Wine Lover's Italy: The Wines of Puglia
Puglia (or Apulia) and Sicily are Italy's top two wine producers, but the vast majority of the grapes produced in Puglia are shipped out in the form of blending wine (usually high-alcohol) or concentrated grape must. But, like many of Italy's wine-producing regions, it has also experienced in the last couple of decades a renaissance in its wine making.
The local grapes most used are uva di troia (or nero di troia), primitivo, and negroamaro. But international varieties like chardonnay and cabernet sauvignon are being planted as well. Although Puglia technically has a lot of DOC zones, none of them produces much quantity, so Puglian production of DOC wines is actually quite small.
Puglian white wines are not really a factor in the wine scene, despite the fact that a lot is produced. Gravina is a solid white Puglian wine, but in general, white DOC Puglian wines are hard to find outside the region.
In Puglia, rosé wines are made by either a short maceration of red grapes before fermentation, or by combining white and red musts. Primitivo and negroamaro are the primary grapes used. The grandfather of Italian rosés, the "Five Roses" Rosato Salento of the Leone de Castris winery, has been around for almost 100 years.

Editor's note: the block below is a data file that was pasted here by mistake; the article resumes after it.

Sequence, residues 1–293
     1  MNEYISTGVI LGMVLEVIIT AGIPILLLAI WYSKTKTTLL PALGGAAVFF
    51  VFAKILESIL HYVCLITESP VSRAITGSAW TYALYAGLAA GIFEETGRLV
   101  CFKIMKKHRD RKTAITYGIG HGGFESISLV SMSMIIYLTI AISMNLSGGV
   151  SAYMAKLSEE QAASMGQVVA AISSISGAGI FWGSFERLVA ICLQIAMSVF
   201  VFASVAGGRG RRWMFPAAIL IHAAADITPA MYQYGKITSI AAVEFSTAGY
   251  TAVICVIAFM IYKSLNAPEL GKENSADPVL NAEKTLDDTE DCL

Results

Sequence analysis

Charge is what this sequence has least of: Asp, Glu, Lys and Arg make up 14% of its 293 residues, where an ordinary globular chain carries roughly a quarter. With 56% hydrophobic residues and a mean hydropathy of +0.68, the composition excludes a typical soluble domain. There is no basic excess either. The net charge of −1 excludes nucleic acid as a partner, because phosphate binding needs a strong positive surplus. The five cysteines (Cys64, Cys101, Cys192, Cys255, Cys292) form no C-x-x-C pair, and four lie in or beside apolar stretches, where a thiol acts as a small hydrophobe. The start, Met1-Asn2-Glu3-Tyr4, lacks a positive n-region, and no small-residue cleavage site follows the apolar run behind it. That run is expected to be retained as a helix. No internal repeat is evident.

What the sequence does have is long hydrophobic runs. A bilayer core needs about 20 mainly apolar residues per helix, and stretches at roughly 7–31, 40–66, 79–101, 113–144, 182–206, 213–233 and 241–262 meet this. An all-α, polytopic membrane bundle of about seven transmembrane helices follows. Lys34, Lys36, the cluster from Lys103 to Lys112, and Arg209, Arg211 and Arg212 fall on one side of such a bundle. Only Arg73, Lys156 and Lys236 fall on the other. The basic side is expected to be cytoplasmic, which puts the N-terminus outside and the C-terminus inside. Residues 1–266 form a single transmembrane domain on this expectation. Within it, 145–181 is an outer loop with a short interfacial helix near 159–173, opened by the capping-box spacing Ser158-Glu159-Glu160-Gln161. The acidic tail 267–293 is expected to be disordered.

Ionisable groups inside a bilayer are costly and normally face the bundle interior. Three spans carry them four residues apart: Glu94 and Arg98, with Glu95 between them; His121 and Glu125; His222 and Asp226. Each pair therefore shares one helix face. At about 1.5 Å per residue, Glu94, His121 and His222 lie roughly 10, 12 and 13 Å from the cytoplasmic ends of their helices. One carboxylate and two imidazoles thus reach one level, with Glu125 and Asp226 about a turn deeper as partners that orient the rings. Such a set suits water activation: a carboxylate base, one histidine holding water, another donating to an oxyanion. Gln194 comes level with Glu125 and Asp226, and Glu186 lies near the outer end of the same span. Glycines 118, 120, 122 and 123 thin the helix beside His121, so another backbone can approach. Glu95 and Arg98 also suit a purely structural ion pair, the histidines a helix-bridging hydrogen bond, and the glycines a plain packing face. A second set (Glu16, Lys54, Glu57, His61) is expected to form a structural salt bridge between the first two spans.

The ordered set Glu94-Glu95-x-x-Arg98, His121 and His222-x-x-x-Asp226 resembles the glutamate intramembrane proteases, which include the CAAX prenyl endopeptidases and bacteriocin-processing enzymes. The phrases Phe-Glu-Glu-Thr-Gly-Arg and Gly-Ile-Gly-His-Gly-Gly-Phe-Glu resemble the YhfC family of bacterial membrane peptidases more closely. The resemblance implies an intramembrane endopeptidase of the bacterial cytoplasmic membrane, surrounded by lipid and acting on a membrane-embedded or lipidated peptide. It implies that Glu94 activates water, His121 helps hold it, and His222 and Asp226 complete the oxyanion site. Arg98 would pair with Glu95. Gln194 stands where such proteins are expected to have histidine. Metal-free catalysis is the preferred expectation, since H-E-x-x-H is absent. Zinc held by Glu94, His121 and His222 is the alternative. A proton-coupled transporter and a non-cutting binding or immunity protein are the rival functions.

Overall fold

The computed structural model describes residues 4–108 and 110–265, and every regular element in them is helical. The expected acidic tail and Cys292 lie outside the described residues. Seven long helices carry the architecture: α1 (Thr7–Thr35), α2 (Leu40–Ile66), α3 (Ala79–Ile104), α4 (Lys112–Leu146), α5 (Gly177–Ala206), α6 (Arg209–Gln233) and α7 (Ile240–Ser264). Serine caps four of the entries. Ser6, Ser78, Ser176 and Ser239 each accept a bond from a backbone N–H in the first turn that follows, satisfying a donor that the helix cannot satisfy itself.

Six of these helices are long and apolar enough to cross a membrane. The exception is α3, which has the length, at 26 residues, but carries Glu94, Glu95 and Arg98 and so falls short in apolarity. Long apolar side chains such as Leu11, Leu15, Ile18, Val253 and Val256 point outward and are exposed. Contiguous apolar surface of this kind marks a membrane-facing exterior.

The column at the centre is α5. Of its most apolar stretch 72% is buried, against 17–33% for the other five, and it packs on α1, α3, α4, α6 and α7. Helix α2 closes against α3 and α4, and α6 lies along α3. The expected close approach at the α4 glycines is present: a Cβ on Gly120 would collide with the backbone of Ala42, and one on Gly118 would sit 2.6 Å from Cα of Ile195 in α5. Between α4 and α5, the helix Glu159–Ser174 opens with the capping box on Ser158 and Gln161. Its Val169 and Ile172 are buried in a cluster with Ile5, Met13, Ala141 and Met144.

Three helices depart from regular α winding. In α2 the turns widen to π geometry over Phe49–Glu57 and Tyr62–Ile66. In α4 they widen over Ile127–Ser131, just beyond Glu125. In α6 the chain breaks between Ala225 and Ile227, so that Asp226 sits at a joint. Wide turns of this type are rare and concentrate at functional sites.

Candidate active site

Puglia is most known for its strong reds. The three main varieties are: uva di troia (or nero di troia), an aromatic and colorful red from the northern part of Puglia; negroamaro, the most widely planted grape; and primitivo, which has had a boom in sales and reputation in the last 15 years (it is reputed to be related to America's red zinfandel).
The negroamaro grape means "black and bitter," and as one might expect, it produces dark, licorice-type wines. Taurino is the most known, and one of the oldest, producers. The negrogamaro wines are tannic, and sometimes cut with another wine like malvasia nera to mellow them.
Primitivo has emerged as a popular wine from Puglia. Mellow, oak-aged versions have become popular in the US, and they are quite competitively priced. The primitivo grape ripens sooner and has thinner skins than the negroamaro; it makes powerful wines that do not require the same amount of aging as other wines. A couple years ago The New York Times published an article on whether wines from Puglia are catching up to the other reds of Italy (the reviewers seemed to believe that the potential is there, but more work needs to be done).
Of course, whatever wine you choose to enjoy from Puglia, it pairs best with a dish from the region… a fresh selection of seafood, a plate of homemade pasta, a board of cheeses and cured meats. We encourage you to visit Puglia on a cooking vacation to experience the wonderful wines and food first hand.
By Peg Kern